Future Labour Government WILL NOT Undo Hugely Unpopular Coalition Government Cuts

A future Labour government will not undo the hugely unpopular cuts imposed by the current coalition, the shadow chief secretary to the Treasury is expected to say.

Speaking on Friday, Chris Leslie is to outline Labour’s “radical” policy plans, but will warn that the party is preparing to make some unpopular decisions and will not “be able to undo the cuts that the have been felt in recent years.”

Leslie is also expected to highlight the party’s commitment to multi-year government spending reviews, alongside greater departmental oversight, arguing that shadow chancellor Ed Balls is to “end to the one-year spending reviews recently introduced by George Osborne" in favour of long term planning.

Leslie will also highlight coalition shortcomings in regards to the closing of 14 prisons leading to a shortfall, and the resurrection of the £1.5 billion scheme to upgrade the A14.

"Ed Balls and I have concluded that a Labour Treasury will put an end to the one-year spending reviews recently introduced by George Osborne. We will instead set out Spending Review plans on a multi-year basis. And we would go further and expect departments in turn to provide public bodies and organisations under their stewardship with the same longer-term certainties, so they can make better decisions and plan for the savings they will need to make.

"As we have seen across local government and various agencies, keeping public services in the dark makes it harder to plan the fundamental reforms that ought to be addressed. There are too many instances of short-term budget decisions that cost more in the long run."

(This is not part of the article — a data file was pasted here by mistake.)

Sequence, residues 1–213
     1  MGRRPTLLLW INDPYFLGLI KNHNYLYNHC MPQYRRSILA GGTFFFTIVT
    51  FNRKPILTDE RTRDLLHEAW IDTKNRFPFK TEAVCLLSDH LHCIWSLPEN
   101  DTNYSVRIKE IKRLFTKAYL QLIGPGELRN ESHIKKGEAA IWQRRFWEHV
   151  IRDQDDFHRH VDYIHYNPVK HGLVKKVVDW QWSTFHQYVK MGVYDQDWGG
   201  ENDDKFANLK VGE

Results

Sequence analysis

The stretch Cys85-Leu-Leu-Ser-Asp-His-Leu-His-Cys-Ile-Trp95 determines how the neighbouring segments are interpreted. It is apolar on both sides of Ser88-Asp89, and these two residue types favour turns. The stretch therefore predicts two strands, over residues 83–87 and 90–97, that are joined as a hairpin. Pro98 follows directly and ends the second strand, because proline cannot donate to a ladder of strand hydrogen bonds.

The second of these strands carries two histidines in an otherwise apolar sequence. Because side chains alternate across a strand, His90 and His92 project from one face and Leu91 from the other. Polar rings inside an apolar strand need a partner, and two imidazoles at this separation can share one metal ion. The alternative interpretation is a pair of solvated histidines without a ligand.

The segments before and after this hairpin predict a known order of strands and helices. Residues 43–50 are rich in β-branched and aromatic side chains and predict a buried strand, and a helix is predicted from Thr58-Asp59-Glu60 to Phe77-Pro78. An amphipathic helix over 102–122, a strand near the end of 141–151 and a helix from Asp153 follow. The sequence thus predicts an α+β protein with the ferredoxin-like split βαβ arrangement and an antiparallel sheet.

On the issue of making difficult decision should Labour come to power next year, Leslie will say: "Labour's Policy Review process will culminate at our National Policy Forum in July. Ed Balls, Jon Cruddas and I have been clear that our conclusions and agenda will be radical but suited to our times.

"So it will not be about spending commitments, but solutions that are funded, achievable and which can be delivered in office. All government departments in the next Labour government will have to face fundamental questions as never before.

"I'm not heading into this expecting popularity. Quite the opposite. We won't be able to undo the cuts that the have been felt in recent years. And I know that this will be disappointing for many people. A more limited pot of money will have to be spent on a smaller number of priorities. Lower priorities will get less.

"We are not arguing with the Government about the scale of the challenge. But we do differ significantly on the best way to confront it. George Osborne has had his five years to eradicate the deficit. I am determined that we finish that task on which he has failed.

"As last week's elections showed, the public want the realistic prospect of change, not just more of the same. And they want Labour to focus relentlessly on how it would deliver those changes. These are serious times and they demand a hard-headed approach from political parties seeking the chance to govern.

"By taking the long-term perspective and reviewing every item of government expenditure from the ground up I am confident we can get the job done."

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